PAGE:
Sunday, May 29, 2011

Author Insides - Tammy Salyer


Tammy Salyer's humorous short story, "A Brigand's Lament," appears in the Spring 2011 issue of The Battered Suitcase. Tammy is an ex-paratrooper who replaced the thrill of jumping with the thrill of writing about things that are even crazier than she is. She has a lot less bruises now and gets to have fun now, no matter what the weather is.

When did you first realize you wanted to be a writer?  

Somehow, I’ve always known I wanted to write. It’s in my blood. I remember creating a life goals list when I was about eleven. It contained several goals I’ve already achieved, i.e., buy a motorcycle and get a tattoo. It also included meeting Stephen King (haven’t done that one yet), and of course, write. I left that one open-ended — I didn’t yet know that there was a vast territory of different types and styles of writing. So far, I’ve done quite a few of them, and just never get tired of seeing the magic of written words and how they create new realities.

Why do you write?
Writing feeds my soul in a way that nothing short of a near-death experience has. Is there anything more theory-based and creative than the inventions of the mind? Anything you wish for, you can make be if you put the time and energy into writing about it. Writing is truly more nourishing and satisfying to that metaphysical part of me than anything else could ever be.

Is being a writer/poet anything like you imagined it would be?
Being a writer seems to mean so many different things to different people, and even to myself on a given day. For me, some days being a writer means beating my head against my desk until the words shake out. Other days, it’s more glamorous; it’s more about the zen of creativity. But ultimately, when people call me a “writer”, that’s when I start to feel like I’ve achieved what I imagined writing would be. More of an identity than an occupation. Just like the phrase “being a writer” means many different things to people, the word “success” means different things. To me, in a more public sense, they are about the same thing. I know I will have achieved what I imagined being a writer would be when I achieve success.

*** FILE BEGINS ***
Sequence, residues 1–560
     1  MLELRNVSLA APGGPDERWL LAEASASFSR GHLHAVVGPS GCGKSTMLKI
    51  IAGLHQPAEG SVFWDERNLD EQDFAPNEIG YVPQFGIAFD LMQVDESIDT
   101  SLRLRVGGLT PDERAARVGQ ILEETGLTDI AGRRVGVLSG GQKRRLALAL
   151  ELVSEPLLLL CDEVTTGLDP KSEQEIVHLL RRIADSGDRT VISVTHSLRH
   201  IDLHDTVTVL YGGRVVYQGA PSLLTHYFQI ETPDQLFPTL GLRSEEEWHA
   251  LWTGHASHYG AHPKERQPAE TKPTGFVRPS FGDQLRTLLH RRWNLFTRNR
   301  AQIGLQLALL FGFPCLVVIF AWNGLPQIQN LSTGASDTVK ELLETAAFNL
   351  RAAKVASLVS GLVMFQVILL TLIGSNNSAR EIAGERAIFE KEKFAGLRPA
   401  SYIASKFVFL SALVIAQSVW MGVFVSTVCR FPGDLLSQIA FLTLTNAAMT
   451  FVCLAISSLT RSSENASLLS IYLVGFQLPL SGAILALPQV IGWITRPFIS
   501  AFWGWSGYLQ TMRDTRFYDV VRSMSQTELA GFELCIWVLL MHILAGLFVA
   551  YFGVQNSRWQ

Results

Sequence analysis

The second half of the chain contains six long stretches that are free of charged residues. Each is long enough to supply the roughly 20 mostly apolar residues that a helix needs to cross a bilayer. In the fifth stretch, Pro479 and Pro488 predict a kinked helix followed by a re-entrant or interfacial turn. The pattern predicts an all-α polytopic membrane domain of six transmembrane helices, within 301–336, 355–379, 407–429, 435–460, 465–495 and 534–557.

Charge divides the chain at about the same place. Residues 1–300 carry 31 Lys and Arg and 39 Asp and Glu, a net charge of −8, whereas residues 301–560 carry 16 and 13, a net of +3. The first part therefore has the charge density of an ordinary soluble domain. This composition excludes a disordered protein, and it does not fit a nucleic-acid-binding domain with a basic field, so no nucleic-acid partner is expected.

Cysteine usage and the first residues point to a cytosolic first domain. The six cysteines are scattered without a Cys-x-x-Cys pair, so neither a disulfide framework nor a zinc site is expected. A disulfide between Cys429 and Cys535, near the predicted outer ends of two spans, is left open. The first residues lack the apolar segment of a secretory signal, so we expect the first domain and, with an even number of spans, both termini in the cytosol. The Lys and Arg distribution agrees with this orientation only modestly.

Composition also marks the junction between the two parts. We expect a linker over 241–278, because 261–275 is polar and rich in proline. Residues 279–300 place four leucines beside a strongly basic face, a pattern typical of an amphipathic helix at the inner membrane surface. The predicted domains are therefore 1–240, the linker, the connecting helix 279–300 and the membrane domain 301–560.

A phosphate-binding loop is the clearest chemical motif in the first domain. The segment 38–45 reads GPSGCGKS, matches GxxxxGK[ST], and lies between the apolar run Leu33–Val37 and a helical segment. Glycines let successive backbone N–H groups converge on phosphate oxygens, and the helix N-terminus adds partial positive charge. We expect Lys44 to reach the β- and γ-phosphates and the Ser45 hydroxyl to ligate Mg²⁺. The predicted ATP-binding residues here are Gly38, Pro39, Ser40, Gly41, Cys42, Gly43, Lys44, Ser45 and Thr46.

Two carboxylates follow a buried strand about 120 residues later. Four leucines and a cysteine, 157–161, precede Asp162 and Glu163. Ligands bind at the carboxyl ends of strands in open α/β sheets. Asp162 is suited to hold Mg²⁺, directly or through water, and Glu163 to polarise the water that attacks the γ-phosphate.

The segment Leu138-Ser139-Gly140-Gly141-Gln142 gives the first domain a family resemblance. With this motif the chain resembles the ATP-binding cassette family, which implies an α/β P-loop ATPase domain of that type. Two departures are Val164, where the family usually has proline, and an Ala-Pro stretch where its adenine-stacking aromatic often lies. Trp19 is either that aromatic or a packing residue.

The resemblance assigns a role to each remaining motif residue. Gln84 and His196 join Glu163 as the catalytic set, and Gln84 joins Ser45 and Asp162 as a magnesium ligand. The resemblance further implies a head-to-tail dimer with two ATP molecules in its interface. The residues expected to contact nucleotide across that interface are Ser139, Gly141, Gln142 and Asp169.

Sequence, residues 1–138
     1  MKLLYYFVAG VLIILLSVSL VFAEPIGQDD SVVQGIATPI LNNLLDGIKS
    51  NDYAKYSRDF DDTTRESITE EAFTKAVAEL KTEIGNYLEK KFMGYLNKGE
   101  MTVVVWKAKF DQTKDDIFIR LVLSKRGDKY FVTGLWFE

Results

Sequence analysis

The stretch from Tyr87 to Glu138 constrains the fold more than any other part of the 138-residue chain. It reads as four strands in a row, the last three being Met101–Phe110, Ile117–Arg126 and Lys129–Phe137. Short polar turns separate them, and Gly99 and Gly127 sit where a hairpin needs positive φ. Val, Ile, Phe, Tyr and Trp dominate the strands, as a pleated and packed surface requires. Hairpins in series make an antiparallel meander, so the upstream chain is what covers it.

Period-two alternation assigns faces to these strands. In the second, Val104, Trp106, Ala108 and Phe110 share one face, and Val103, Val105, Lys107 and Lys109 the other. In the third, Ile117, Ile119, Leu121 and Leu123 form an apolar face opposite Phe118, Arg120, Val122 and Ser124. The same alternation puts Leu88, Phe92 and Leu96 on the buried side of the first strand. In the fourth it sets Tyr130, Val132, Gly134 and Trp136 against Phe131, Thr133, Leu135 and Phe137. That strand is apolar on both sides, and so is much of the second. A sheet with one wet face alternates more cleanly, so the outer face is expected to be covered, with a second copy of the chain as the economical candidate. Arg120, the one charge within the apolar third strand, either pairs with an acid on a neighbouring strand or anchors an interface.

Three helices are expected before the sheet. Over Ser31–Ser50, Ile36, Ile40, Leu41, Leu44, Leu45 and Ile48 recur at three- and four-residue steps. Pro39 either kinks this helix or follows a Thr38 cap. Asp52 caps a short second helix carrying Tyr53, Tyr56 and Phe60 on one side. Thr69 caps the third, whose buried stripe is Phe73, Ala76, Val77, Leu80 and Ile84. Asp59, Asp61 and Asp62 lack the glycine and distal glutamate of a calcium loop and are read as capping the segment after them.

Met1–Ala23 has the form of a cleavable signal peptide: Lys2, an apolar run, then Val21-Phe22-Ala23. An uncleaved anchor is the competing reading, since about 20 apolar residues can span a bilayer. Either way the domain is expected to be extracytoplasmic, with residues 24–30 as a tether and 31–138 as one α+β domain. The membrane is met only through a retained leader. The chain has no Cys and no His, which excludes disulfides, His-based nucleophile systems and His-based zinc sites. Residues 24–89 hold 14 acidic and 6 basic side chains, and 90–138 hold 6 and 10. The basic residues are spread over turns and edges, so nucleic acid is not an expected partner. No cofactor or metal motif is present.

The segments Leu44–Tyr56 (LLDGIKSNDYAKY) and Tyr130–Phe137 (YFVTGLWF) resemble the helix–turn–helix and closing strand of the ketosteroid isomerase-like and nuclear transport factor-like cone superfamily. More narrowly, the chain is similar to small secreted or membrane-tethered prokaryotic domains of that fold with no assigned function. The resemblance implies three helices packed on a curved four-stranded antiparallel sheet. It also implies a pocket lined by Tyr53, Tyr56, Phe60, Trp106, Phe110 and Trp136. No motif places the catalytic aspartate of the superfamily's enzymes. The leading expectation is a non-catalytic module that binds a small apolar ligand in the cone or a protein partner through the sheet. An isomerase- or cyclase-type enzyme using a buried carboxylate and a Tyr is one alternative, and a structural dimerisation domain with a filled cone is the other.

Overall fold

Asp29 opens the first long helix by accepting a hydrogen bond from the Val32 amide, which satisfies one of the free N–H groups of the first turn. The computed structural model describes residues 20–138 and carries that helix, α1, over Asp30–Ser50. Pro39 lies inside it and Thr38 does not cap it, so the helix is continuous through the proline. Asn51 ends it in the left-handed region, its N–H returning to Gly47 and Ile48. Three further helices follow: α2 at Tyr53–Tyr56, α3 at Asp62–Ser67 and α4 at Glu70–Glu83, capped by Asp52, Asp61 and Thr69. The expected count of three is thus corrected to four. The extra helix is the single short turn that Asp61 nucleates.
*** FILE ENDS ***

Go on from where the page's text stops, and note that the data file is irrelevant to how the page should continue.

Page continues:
What do you think makes a good story?
A good story is a combination of so many factors; it’s a perfect storm of a cadre of juicy characters, exciting plot, interesting setting, and the well-woven layers of all of the above. For me to really enjoy a book, there has to be both interesting (though not necessarily likable) characters and a story that intrigues me. Stories like Jonathan Safran Foer’s “Extremely Loud and Incredibly Close” or Neal Stephenson’s “Snowcrash.”

What's your favorite genre to read?
None, all. I haven’t read in a genre that doesn’t contain gold. It’s not the genre that makes a good book, it’s the skill of the author.

Who is your favorite author or poet?
The list could go on forever. I find that most authors have something in their style that resonates with me, even if it’s just a turn of phrase or an amazing character. There is a nugget of brilliance in every book written. A couple of authors that I return to over and over are Neal Stephenson and Neil Gaiman. Also Jonathan Safran Foer and Stephen King. I’m eclectic in my tastes.

What books or stories have most influenced you the most as a writer?